Trauma can affect children’s brains, bodies, behavior, and ways of thinking. It can also be treated
All children in foster care have been exposed to some form of trauma. The very act of being put in foster care is traumatic for children, because it means the loss of their birth family and often friends, schoolmates, teachers, and everything that is familiar.
But many children in foster care have experienced more than one form of trauma or repeated trauma, the lasting effects of which should be acknowledged and understood by families considering foster care and adoption.A
What is trauma?
Child traumatic stress occurs when children and adolescents are exposed to events or situations that overwhelm their ability to cope and interfere with daily life and their ability to function and interact with others.
The type of trauma experienced by children in foster care can vary widely from neglect to domestic violence to physical and sexual abuse.
How does trauma affect children?
Trauma can affect children’s brains, bodies, behavior, and ways of thinking. Ongoing trauma often disrupts children’s sense of security, safety, and sense of themselves and alters the way they see and respond to people and situations in their lives. Approximately one in four children in foster care will show signs of post-traumatic stress disorder.
Children who have experienced trauma—especially ongoing trauma—may have developed unhealthy habits and behaviors, including increased aggression and distrusting or disobeying adults. These behaviors may have helped protect the children from neglect or abuse in the past and may be strongly rooted. It will take time, patience, and often therapeutic support to address and overcome them.
As the Child Welfare Information Gateway fact sheet, Parenting a Child Who Has Experienced Trauma (495 KB PDF), states: “Parenting a child who has experienced trauma may require a shift from seeing a ‘bad kid’ to a kid who has had bad things happen to him.”
Effect of trauma on brain development
A recent and growing body of research into children’s brain development is shedding new light on the ways that maltreatment changes the structure and chemical activity of the brain and the resulting emotional and behavioral functioning of the child. Research is shifting the way that professionals view and treat children who have experienced trauma by providing biological explanations for what had traditionally been described in psychological, emotional, and behavioral terms.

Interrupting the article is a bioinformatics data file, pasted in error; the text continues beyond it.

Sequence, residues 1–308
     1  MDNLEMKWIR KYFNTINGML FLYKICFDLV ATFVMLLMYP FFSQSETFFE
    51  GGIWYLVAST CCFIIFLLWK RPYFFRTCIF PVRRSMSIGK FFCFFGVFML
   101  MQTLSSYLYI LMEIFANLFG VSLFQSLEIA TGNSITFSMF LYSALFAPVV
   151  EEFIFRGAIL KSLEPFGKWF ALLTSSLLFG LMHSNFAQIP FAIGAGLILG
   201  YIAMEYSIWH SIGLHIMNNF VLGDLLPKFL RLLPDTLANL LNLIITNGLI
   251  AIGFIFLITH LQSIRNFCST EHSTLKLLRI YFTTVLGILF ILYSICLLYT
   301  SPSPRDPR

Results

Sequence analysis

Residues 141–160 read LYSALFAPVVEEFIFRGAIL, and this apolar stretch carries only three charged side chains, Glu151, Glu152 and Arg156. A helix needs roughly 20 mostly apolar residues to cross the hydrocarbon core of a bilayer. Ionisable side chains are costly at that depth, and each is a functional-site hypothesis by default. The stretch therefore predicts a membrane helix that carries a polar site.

In an article on our blog, “Understanding Children’s Behavior and Helping Them Heal,” a therapist describes some of the neurological causes of children’s behavior, sensory “triggers,” and how you can calm a child.
How can a parent help a child recover and heal?
Experienced foster and adoptive parents have shared the following tips with us about supporting a child who has experienced trauma:
- Be patient and consistent and do not take children’s behavior personally.
- Do not to expect to learn upfront about all the trauma the child or youth has experienced. Some of the trauma’s effects may not become apparent for months or even years.
- Be prepared to have patience and talk things through—a lot!
- Be open to solving problems in new ways.
- Never be afraid to reach out for help and advice from others. Parent support groups can be a great source of information. Search for support groups by state on our website.
- Work hard to understand the trauma and how the trauma affects your child. Not all cases are text book, but doing your research can definitely help.
- Utilize and seek out community resources. Training may be available through hospitals, school programs, therapeutic, and private agencies.
- Ask your child's pediatrician for additional services and resources.
- Take the long view. The trauma didn’t happen overnight and the healing won’t either.
- Finally, as one mother told us: “The thing I’ve learned most from parenting traumatized children is that they are amazing, resilient, and strong.”
Sources and additional information
Much of the information contained on this page was pulled from the following resources, which offer further details on understanding and treating trauma.
- Parenting After Trauma: Understanding Your Child’s Needs. A Guide for Foster and Adoptive Parents (1.5 MB PDF), a 2016 publication of the American Academy of Pediatrics and the Dave Thomas Foundation for Adoption.
- Parenting a Child Who Has Experienced Abuse or Neglect (440 KB PDF), a 2013 publication from the Child Welfare Information Gateway.
- Parenting a Child Who Has Experienced Trauma (495 KB PDF), a 2014 factsheet for families from the Child Welfare Information Gateway.
- Understanding the Effects of Maltreatment on Brain Development (443 KB PDF), a 2015 issue brief from Child Welfare Information Gateway.
- “The Toll of Childhood Trauma,” an article published in Counseling Today in 2014.